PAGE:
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Wednesday, April 11, 2012

Luther's early faith = later Luther --> another angel having everlasting gospel

Most theologians, scholars and commentators prefer the early Luther to the later Luther because his comments against the Jews (and the Papacy) were not as harsh. They generally point to Luther's irenic stance towards the Jews in his early writings in contrast to his harsh comments in his later life. Most modern theologians fall into this camp.  The editor Franklin Sherman of volume 47 of Luther's Works, (Fortress Press, 1971), had this to say:
(Introduction, page x) It is the treatise On the Jews and Their Lies, published in 1543, of which Luther’s biographer Roland H. Bainton remarked: “One could wish that Luther had died before ever this tract was written.”
(page 123) The negative attitudes expressed in these late treatises struck ... us, in view of the fact that earlier in his career he had shown marked sympathy toward the Jews. 
Franklin Sherman and Roland Bainton have in view Luther's earlier writing of That Jesus Christ Was Born A Jew and it's tone of sympathy for the Jews.

Uwe Siemon-Netto, speaking for the (new English) LC-MS, wrote an article in the Lutheran Witness magazine, April 2004 issue, saying this:
Ah, if only Luther had let the matter rest there. Alas,we can’t get away from the bitter truth that toward the end of his life—well after the adoption of the Augsburg Confession in 1530, which is where the film "Luther" ends—the reformer changed his tune radically. In 1543, three years before his death, he penned his venomous book, Of the Jews and Their Lies, whose contents Lutherans ignored for centuries but came to haunt them in the aftermath of World War II and to this very day. [underling mine]
And there are even some Jewish writers who would almost commend the early Luther.  Perhaps a good example of this is Professor Nachum Tim Gidal in his book Jews in Germany: From Roman Times to the Weimar Republic, Konemann (June 1998).
...he pleaded for tolerance [for the Jews]... (page 13)
...His campaign against the papacy gave the Jews reason to hope for some understanding toward their faith and for humane treatment in accordance with Luther's Christian principles.... (page 82)
... These were new sentiments [Luther's sympathies] to come from the Christian side, and they could have led to a normalization of the relationship between Christians and Jews. (page 82)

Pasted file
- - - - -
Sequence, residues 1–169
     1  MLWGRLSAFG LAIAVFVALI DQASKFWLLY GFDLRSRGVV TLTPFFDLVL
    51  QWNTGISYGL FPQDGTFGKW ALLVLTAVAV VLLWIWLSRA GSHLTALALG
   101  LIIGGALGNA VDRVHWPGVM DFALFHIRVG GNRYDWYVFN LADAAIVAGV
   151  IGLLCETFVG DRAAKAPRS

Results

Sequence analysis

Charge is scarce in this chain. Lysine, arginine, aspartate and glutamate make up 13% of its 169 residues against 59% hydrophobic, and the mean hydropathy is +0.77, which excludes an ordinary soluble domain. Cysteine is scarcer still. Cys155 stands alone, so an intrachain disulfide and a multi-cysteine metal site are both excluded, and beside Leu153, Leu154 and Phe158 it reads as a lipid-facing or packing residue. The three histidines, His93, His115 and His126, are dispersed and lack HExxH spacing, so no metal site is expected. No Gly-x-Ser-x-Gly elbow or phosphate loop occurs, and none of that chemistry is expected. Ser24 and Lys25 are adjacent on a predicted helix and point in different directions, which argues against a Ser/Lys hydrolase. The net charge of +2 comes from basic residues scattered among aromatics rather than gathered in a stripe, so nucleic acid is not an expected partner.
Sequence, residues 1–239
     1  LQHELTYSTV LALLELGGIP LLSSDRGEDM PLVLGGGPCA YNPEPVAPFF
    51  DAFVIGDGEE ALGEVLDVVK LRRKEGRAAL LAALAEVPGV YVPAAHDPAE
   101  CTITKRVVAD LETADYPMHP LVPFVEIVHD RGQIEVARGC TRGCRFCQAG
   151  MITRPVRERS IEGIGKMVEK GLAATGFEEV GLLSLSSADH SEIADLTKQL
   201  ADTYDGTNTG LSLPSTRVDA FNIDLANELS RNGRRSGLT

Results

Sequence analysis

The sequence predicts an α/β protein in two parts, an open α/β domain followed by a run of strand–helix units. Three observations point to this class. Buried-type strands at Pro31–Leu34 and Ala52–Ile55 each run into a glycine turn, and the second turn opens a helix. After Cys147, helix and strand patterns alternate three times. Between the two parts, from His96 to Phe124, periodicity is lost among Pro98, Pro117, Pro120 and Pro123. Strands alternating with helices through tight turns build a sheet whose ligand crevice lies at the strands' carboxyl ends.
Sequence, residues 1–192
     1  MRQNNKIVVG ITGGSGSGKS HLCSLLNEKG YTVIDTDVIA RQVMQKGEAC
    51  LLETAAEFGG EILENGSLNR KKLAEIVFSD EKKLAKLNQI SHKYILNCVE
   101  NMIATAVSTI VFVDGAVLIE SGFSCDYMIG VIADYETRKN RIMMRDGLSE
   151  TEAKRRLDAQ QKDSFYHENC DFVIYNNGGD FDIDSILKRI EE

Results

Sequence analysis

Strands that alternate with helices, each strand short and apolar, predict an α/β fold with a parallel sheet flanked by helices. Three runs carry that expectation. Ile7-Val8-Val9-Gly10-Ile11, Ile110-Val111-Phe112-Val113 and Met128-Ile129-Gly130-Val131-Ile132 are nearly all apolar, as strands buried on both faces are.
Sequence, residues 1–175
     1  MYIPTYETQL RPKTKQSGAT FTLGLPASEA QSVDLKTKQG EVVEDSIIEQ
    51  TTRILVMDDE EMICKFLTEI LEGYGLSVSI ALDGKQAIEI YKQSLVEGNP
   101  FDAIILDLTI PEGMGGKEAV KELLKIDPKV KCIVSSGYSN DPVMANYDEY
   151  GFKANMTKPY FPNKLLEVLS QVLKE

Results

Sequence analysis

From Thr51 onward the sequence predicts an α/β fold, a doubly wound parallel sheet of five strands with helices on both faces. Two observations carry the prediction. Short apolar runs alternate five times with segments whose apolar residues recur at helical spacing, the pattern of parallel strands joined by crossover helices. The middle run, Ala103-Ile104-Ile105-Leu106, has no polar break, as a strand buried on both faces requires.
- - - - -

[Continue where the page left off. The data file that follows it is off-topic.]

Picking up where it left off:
But is it true?  Did Luther's faith change?  Certainly his words had a different tone in terms of how they should be treated.  But the Jews knew then (and now) that Luther's faith did not change.  Again Nachum Tim Gidal says it best (page 82):
...Luther demanded a price from every Jew: the denial of his faith. Luther's Christian charity therefore appeared to the Jews as an attempt at religious bribery by which they might obtain humane treatment. Luther underestimated the strength of the Jews' faith, which even in the face of death and under torture permitted no betrayal of God, of the profession of faith in the uniqueness and oneness of God. 
In all of history since the time of Christ on earth, this was the Jews opportunity to hear again the true Gospel, for it was Martin Luther who had uncovered the pearl of great price from the works righteousness of the papacy...  the announcement of the forgiveness of sins for Christ's sake, that even their sins had been paid for and that there is nothing any of us can do to appease God for He is already reconciled with all of us... only believe on the Lamb of God, the Savior of the World, Jesus.  How did Luther do this?  With the Scriptures, the only sure foundation. That is what Luther did masterfully in his writing On The Jews And Their Lies. But sadly the Jews continued their rejection of the Son of God (and the Scriptures) and showed themselves no different than those of the time of the New Testament.  And so the later Luther, whose Christian faith had not changed since the early Luther, had to agree with the Jews that he had "underestimated" the stubbornness of the Jews.

So we see who really follows the Scriptures – the early and later Luther, not modern theologians and commentators. To them, Jesus says (Luke 24:25):
Luke 24:25 - O fools, and slow of heart to believe all that the prophets have spoken
But the old German Missouri Synod followed Martin Luther who expounded the Old Testament as Jesus said it should be done (Luke 24:26-27):
Luke 24: 26-27 - Ought not Christ to have suffered these things, and to enter into his glory? And beginning at Moses and all the prophets, he expounded unto them in all the scriptures the things concerning himself.
This was done by Martin Luther. The old German Missouri Synod hailed Luther as the one through whom the angel spoke in Revelations:
Revelation 14:6-7  – And I saw another angel fly in the midst of heaven, having the everlasting gospel to preach unto them that dwell on the earth, and to every nation, and kindred, and tongue, and people, saying with a loud voice, Fear God, and give glory to him; for the hour of his judgment is come: and worship him that made heaven, and earth, and the sea, and the fountains of waters.
Here is how Walther's Der Lutheraner monthly magazine began depicting Martin Luther on it's masthead beginning in 1850:

How different is the view of Luther by today's theologians and scholars from that of the old German Missouri Synod!  A Lutheran today barely hears of Walther and Pieper who knew Martin Luther best... notwithstanding the new English LC-MS "celebration" of Walther's birthday.

I will have more about this subject in a later post.


  1. If you are not attending the Divine Service of Word and Sacrament, all these blog posts are useless to you, and for you.

    Repent and return to Christ.

    1. I am reply to the above in my next post.

    2. The "next post" is here:


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